Throughout my years as a mother who has mostly worked out of the home, I’ve been told (especially by other mothers), “I don’t know how you do it! You make it seem so easy! You’re always so calm and collected.”
It kind of feels like being complimented on how strong of a swimmer I am while barely treading water or borderline drowning.
The truth is, and I try to explain this every time, that I’m as overwhelmed as any other mother. I don’t do anything more or less than other people in my same situation. And I also don’t know where the requirement of being the perfect picture of calm and control came from. Why is that part of the Mom’s Code of Conduct? Can leadership get together and strike through that part?
Maybe we should also stop judging ourselves so harshly. Most of the time when we see a mom who seems to have it all together, we covet her grace and multi-tasking abilities. At least, that’s what it seems like to me when people compliment my mothering. And, frankly, that’s what it is like when I see women I wish I could model myself after.
And after all that, when I pay them the same compliments, they tend to respond the way I do sometimes. “Girl, I am a mess. But thank you. I’m trying.”
And that’s it in a nutshell, isn’t it? We’re all trying. We all need help. And there’s some weird unspoken rule that we’re supposed to look like we got it.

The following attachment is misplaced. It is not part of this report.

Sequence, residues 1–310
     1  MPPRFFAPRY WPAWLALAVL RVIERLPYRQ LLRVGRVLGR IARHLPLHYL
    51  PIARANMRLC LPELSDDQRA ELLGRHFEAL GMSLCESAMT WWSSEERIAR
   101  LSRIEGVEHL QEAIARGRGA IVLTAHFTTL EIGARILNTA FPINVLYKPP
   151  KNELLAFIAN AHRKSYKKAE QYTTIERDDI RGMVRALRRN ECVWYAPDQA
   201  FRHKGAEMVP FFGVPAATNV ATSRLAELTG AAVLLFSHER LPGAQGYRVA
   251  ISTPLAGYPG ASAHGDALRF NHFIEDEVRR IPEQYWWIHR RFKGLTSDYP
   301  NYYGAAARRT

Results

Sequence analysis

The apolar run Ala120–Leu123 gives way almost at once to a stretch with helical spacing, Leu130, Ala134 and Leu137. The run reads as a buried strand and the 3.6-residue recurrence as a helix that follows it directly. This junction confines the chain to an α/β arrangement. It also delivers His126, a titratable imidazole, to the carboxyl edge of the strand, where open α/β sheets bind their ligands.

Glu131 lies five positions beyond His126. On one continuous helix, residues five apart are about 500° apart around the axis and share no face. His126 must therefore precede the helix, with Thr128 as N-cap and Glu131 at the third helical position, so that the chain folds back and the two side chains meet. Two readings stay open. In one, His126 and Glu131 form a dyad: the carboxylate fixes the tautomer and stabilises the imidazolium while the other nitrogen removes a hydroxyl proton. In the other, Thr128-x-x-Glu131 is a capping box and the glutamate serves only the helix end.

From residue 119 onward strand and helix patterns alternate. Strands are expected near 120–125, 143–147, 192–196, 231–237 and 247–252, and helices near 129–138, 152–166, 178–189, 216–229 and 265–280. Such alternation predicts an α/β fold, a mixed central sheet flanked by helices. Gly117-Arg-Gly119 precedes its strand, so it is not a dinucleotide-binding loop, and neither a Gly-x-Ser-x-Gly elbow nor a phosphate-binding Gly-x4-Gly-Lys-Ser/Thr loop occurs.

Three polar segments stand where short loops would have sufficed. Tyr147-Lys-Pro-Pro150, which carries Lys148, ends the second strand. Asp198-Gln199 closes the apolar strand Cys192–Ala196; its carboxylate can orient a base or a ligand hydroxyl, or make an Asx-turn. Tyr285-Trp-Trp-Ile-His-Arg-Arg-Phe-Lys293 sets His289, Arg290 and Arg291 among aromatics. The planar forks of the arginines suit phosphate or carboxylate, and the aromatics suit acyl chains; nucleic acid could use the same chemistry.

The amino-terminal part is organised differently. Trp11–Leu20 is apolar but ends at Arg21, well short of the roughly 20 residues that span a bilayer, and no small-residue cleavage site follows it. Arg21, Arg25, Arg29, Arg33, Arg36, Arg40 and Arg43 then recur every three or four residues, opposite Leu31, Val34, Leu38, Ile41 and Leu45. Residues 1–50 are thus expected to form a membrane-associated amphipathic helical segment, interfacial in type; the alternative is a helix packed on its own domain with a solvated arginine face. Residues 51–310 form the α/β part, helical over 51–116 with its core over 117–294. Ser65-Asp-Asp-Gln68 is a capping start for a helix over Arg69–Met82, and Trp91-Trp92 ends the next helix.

Mothering is labeled “team lift” but someone taped over it.
That is, I was not a mother. A daughter, a sister, yes.
Motherhood is the most crushing and awesome events of life. I mean that very literally. Well, almost. No, I haven’t been literally crushed under the weight of responsibility of raising little people. But it has felt so heavy that at times I cannot breathe.
I do find it awesome. I know we’ve all seen it, that little cherub face, looking out at a display of fireworks, a coveted gift, or even just bubbles, with simple awe, completely enraptured by the moment.
Before I was a mother, I yearned to be a mother. I’m not sure what the driver is behind that emotion or desire. Sometimes I blame the environment in which I grew up: full of children, big families, and tradition. It made sense to continue this. Sometimes I blame the other facets of the environment in which I grew up: latchkey child, forced to grow up too quickly, wanting someone to love and love her back.
Regardless of the reason, I became a mother, sooner than I am advising my own children.
Married, yes, but also still a teenager. My 30-something-year-old heart drops into my stomach when I think of one of my sons coming home to tell me that they are about to become a father only a few years from now. Universe help me if that ever happens.
Motherhood has been everything I thought it would be, nothing that I could have anticipated, and so much more than I ever imagined. I know it sounds romantic, but I also mean that in the negative.
I could drown in the chorus of “Mom” that is sung every day.
I could cry when I swipe through my Instagram feed, images of my beautiful four rolling through.
I want to run away to a remote island when little tiny hands have touched me several hundred times too many.
What is silence? Don’t we all teeter between the idea of a little extra sleep and a few hours of “me” time (whatever the hell that means).
And so, I feel fulfilled and stressed and anxious and loved and like enough but not enough. They say it takes a village, but I cannot find my village. It’s so segmented and full of advice columns, stuffy opinions, and questions.